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Marriage & Relationships

 

Understanding What’s Going On

Coming to terms with your spouse's "double life," it's important to realize that, almost always, homosexuality roots are born in childhood.

"Love is essentially a movement of grace to embrace those who have sinned against us (Matthew 5:43-48). It is the offer of restoration to those who have done harm, for the purpose of destroying evil and enhancing life." -- Dan Allender, author of The Wounded Heart

You'll eventually need to deal with the inevitable weight of guilt over your spouse's or parent's actions – and other challenges such as forgiveness and the relinquishment of a loved one , in order to move forward. "You are not the problem; you did not create the problem; you are not responsible for the problem. But you've inherited all the same" says Joe Dallas, author of When Homosexuality Hits Home. "You've got work to do to protect both you and your family."

Coming to terms with your spouse's "double life," it's important to realize that, almost always, homosexuality roots are born in childhood. Many Christians marry believing that homosexual inclinations can be eradicated by time and the love of a family. The shame that accompanies homosexual struggles keeps many from facing them, so they remain hidden and unconfessed. Often it is years before the struggles are exposed.

Homosexuality is a complex problem that's largely about identity and unmet childhood needs. It's a form of brokenness that often has deep roots. While it can take some time to overcome, many have found healing – and when marriages survive, they're stronger than ever. The goal is to not come out of homosexuality per se, but to grow closer to Christ and be changed into His image.

"I've learned that it's not my fault. That it's not my sin to carry. I've come to the realization that I cannot protect my parents. To love them is to be real, but not to own their stuff. There are days I still cry. There are moments that are still painful and hard. The last two and half years the Lord has said, 'Wait for me! I have control over this.' Jesus is the one loving my family when I can't do so." -- Lyndsey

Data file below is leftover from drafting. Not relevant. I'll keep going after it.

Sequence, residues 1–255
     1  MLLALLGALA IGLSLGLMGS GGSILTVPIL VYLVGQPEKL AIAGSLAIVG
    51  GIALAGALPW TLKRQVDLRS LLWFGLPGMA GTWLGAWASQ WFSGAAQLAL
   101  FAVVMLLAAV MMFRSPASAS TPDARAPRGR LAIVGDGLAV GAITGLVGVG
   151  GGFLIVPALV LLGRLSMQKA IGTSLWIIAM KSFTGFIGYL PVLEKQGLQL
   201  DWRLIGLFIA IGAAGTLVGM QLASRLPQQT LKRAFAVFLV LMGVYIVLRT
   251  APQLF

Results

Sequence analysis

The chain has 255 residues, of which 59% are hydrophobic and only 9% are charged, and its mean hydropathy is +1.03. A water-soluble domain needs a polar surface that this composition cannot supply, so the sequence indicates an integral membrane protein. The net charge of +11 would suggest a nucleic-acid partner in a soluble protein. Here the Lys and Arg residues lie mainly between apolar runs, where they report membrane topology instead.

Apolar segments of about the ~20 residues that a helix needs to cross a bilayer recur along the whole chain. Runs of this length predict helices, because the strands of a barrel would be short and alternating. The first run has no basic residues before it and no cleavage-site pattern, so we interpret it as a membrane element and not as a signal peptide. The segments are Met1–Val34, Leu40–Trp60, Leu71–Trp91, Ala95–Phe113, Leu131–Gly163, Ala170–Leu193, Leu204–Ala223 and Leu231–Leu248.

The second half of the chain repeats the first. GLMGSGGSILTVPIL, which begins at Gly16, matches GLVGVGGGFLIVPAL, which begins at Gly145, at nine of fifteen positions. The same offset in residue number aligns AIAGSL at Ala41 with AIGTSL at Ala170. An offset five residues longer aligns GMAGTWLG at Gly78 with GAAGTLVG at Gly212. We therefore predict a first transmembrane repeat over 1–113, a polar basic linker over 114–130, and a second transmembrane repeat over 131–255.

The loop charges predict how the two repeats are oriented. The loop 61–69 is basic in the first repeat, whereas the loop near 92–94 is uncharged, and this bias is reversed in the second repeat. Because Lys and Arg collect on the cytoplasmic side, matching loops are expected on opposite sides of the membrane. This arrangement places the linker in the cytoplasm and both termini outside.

At the same time, Stephanie, whose marriage weathered the storm, says, "Part of the healing process involved me being willing to deal with my own issues. Why would I be attracted to a man who wouldn't be attracted to me? If he was going to have to change, I was going to change along with him."Joe Dallas, author of When Homosexuality Hits Home, has great advice for the spouse who has been hit with the revelation that their partner struggles with sexual identity:

What is my role in my husband's [or wife's] recovery? 'Your role remains what it has always been: To be a life partner, lover and co-parent — all the roles wrapped up in the concept of 'spouse.' You are not, however, your spouse's counselor, pastor, parent, accountability partner, or official nag. In other words, let your spouse use the proper resources for recovery: a godly accountability group, a pastor, a counselor, and so forth. You be what you agreed to from the beginning — nothing more, nothing less. That's enough work for anyone.

 

 
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